First Assessor Election Pits Legislator Against Businessman
Candidates say the election will bring accountability to the assessor's office.
St. Louis County voters will elect an assessor for the first time on the April 5 ballot.
The choice comes down to a third-term state representative, Jake Zimmerman, and a real estate executive with 37 years experience, L.K. “Chip” Wood. Both candidates said they believe that by making it an elected position, voters sent a message that they want the assessor to be accountable to them.
The charter amendment allowed the two parties with the most votes in the 2008 governor election – Democrats and Republicans – to nominate candidates for the office in the 2011 election only. As a result, no third-party or independent candidates will run this year.
L.K. ‘Chip’ Wood
Wood is an executive in his family’s firm, L.K. Wood Real Estate. He has appraised real estate for 37 years, but his sons now run the business’ day-to-day operations. The assessor’s race is Wood’s first venture into politics.
“I got excited about the Tea Party message. It’s like on ‘Network’: ‘I'm mad as hell and I’m not going to take it anymore,’ ” said Wood, of South County.
When the assessor became an elected position, Wood said it was his chance to make a difference.
As assessor, one of his goals would be accurate assessments. Wood said he found that while neighboring Franklin County’s appeal rate is less than one percent, 35 percent to 40 percent of St. Louis County assessments are appealed.
“I can definitely do better than that,” Wood said. “If I ran my business like that, I’d be out of business.”
The county’s assessment should be at least 90 to 95 percent accurate, he explained.
“My goal is to give everyone a fair shake on their assessments,” Wood added.
Another goal is to make the assessor’s office more efficient by eliminating wasteful spending.
Wood met Wednesday with Franklin County Assessor Tom Copeland and said that county has a $1-million budget to assess 70,000 properties. The St. Louis County has a $13-million budget to assess 139,000 properties.
“For less than half the price per property, they satisfy 99 percent of their residents,” Wood said. “We charge twice as much and we’re right only about 65 percent of the time.”
He has appealed assessments several times, he said.
“I want to treat people like they’re human beings. The appeal process can be demeaning,” he said as he described his experience.
“The last time, I went down to a huge gymnasium and waited around for a couple of hours until they called my name,” he said. “All they did was take my forms and say they’d get back with me. I could have mailed it in.”
People also don’t feel they’re listened to during the appeals, he said.
“If you spend $2,000, $3,000 or $4,000 in taxes, don’t you want to feel you’re getting a fair shake?” Wood asked.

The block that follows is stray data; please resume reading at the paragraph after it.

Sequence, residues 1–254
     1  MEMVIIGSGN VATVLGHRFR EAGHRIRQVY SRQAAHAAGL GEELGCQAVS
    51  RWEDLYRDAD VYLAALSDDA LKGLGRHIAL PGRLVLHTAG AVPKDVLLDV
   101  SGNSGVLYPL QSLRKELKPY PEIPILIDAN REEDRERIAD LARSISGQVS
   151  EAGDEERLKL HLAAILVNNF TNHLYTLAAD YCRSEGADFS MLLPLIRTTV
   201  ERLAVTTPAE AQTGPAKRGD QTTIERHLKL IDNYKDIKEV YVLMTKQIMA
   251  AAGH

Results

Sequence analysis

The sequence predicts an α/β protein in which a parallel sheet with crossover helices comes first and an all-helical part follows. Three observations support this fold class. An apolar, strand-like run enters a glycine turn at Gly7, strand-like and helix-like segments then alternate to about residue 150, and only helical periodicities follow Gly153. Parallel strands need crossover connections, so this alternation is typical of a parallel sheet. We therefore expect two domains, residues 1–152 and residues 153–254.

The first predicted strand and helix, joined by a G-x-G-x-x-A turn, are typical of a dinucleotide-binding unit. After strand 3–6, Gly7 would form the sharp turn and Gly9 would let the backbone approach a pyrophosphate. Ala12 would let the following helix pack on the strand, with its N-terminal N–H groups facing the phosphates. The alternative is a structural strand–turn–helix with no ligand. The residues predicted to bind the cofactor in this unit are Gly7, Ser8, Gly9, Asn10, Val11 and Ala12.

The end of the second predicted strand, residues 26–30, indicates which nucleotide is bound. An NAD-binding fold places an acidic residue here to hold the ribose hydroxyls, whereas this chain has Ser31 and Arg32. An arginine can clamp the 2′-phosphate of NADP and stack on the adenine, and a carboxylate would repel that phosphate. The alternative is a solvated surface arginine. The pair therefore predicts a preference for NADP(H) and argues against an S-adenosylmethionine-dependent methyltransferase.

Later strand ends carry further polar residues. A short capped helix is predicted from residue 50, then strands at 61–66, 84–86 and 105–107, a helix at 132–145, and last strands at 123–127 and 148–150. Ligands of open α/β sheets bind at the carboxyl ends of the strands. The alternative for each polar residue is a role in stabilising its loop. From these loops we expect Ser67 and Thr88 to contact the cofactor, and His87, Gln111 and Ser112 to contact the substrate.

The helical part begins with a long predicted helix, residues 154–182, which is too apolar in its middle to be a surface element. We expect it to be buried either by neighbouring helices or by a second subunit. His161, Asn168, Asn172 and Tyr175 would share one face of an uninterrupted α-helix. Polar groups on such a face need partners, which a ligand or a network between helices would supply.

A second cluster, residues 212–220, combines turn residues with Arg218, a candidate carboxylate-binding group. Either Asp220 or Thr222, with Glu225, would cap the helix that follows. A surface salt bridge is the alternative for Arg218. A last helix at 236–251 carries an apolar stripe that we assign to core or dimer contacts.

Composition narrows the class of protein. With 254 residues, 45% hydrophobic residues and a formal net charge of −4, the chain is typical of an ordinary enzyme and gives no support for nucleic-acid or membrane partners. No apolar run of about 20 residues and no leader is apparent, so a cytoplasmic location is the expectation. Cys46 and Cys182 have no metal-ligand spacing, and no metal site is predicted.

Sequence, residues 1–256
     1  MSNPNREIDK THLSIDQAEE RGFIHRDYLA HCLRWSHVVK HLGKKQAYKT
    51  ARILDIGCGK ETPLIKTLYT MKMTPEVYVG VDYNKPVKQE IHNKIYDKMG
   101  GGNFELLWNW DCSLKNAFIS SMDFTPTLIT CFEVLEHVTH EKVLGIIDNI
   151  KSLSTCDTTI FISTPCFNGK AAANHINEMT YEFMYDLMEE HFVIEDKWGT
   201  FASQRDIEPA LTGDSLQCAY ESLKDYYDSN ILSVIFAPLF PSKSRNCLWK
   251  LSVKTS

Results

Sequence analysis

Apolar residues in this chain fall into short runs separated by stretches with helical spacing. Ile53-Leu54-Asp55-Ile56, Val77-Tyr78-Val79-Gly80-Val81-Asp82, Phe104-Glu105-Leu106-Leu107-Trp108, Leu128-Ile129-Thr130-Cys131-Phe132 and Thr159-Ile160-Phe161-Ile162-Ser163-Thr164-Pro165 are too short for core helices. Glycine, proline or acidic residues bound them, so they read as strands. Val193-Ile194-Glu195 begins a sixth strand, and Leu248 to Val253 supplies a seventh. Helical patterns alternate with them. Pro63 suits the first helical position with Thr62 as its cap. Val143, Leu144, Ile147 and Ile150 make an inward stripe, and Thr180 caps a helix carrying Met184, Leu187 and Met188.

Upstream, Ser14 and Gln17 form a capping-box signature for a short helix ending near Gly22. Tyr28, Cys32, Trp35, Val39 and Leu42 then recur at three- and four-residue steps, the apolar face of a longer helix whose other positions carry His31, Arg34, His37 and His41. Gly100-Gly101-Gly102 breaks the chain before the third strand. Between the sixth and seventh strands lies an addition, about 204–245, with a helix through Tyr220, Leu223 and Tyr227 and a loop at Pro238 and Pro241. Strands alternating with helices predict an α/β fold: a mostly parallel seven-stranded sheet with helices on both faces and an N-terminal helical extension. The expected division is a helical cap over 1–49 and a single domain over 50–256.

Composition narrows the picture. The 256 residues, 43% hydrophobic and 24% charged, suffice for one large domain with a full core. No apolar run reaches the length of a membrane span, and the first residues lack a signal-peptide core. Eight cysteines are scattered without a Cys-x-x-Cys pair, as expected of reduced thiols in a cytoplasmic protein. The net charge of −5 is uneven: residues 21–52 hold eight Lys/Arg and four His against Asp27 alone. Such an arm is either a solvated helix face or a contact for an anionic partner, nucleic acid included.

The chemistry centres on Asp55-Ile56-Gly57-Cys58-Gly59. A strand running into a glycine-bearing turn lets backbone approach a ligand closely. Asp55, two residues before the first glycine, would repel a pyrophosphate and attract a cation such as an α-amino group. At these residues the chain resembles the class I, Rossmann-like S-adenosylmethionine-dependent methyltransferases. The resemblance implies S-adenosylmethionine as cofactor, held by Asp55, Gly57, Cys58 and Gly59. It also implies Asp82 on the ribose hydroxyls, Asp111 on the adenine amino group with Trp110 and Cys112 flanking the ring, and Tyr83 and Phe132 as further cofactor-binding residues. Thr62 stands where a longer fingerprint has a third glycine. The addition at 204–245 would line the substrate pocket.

Democratic nominee Jake Zimmerman is a state representative from Olivette, who was elected in 2006 and is serving his third term. He served as deputy chief legal counsel to former Gov. Bob Holden, assistant attorney general under Jay Nixon and as a litigator for the Thompson Coburn law firm. He has a Harvard law degree.
Zimmerman said the new assessor will face an urgent need to bring accountability, fairness and responsiveness to the office.
“A lot of this comes down to treating people with basic respect, by treating them the way you would want to be treated,” he said.
Zimmerman said he wants no bureaucratic runaround when people call the assessor’s office. He would have positions whose main responsibility would be rapid taxpayer response.
“They are entitled to a quick call back from somebody who is on their side, willing to see the world from their perspective,” Zimmerman said.
He said a person who owns $50,000 home has to feel they are being treated as fairly as the owner of a $500,000 home.
Zimmerman said he heard from people in his district who appealed their tax bill to the Board of Appeals and won, only to have their assessment raised 40 percent two years later.
“I would classify that as stupid government,” he said.
“They need to know that they’re not going to a kangaroo court, that they will get a fair review,” Zimmerman said. “You don’t make people pay for fighting the system.”
Zimmerman said he wants to ensure seniors aren’t taxed out of their homes.
Last year, he proposed a bill based on an Oregon law that would not allow government to collect real estate taxes to the point where a person cannot remain in their home.
“Instead, you treat it as a lien on the title, so you wait until the house is sold and there is income coming in to pay the taxes,” Zimmerman said. “That way, you don’t treat anyone differently, but you don’t tax anybody out of their home either.”
Zimmerman said as assessor, he would lobby for a similar law.
The assessor is in charge of the St. Louis County Assessment Division, which discovers, identifies, classifies and assesses all real and personal property in St. Louis County.
Every two years, the assessor’s office is required by state law to re-assess values on about 389,000 parcels of real estate in St. Louis County to market value. Property owners can appeal the assessments.
Residential property is assessed at 19 percent of market value. The assessed value is applied to tax rates set by local taxing entities, such as school, fire protection, the county library and other districts.